She reached into her backpack and drew out a small trowel, the one she used to plant flowers and vegetables in her expansive garden. She pulled out a length of rope and tied herself to a nearby tree to steady herself in the gale-force wind. Then she swept aside the pebbles and began to dig. She had only cleared a few inches of dirt when her trowel hit something solid. She kept digging while the storm swirled around her.
She finally liberated a small wooden box from its grave and opened it. At the same time the storm seemed to slow a little. Maybe this was a good omen. She opened the box and found a small velvet bag. She tipped out its contents on her hand, and she caught her breath as much from what she saw as from the storm.
“Hang in there, Sarah,” she breathed as she looked at the glittering jewels in her hand. “I’m coming, and now I have something to bargain with.”
©2013 Kathleen McKee Snyder
Katherine Gilberg, a storyteller in Ionia, Michigan, submitted this poem to us recently and we thought our readers would enjoy it. A former center with the Tex-as Cowgirls, a world-famous touring female basketball team akin to the Harlem Globetrotters. Katherine worked for 25 years as a 911 dispatcher before retiring in 2000. Now she writes, walks her two dogs twice a day, and listens to Pete Fountain and Josh Groban in her spare time.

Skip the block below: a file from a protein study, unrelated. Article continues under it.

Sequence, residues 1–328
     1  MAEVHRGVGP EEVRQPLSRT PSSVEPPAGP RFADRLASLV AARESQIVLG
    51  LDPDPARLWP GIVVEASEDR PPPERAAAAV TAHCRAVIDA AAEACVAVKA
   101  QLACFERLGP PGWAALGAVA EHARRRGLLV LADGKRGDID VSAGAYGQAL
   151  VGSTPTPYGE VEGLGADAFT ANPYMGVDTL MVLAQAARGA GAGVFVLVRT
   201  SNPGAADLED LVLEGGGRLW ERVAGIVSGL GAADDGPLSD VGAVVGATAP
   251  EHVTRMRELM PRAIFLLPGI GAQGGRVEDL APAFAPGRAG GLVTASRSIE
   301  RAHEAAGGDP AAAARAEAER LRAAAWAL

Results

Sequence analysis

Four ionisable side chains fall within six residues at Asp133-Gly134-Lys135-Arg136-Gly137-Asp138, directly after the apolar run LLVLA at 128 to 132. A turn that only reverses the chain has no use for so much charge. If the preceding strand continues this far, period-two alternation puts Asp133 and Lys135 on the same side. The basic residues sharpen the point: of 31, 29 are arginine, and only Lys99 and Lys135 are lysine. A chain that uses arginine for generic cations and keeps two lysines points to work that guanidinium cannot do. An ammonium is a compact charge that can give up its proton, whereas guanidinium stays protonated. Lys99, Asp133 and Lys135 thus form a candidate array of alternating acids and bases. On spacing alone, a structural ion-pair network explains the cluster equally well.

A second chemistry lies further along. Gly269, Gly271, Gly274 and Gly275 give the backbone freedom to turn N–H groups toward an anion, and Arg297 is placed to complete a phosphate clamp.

Perhaps God stirs the air, as He strides across the sky.
The ocean gives birth to a tiny current,
its innocence a lie.
Soon they name the whirling wind
we’re baptized with its curse
and hopeful prayers cry out,
to be heard above the din.
Peaceful eye watching,
the winds black tantrum,
the sky’s electric blue
Then, perhaps He says “enough”
and the monster turns old and frail,
the exhausted ocean sleeps,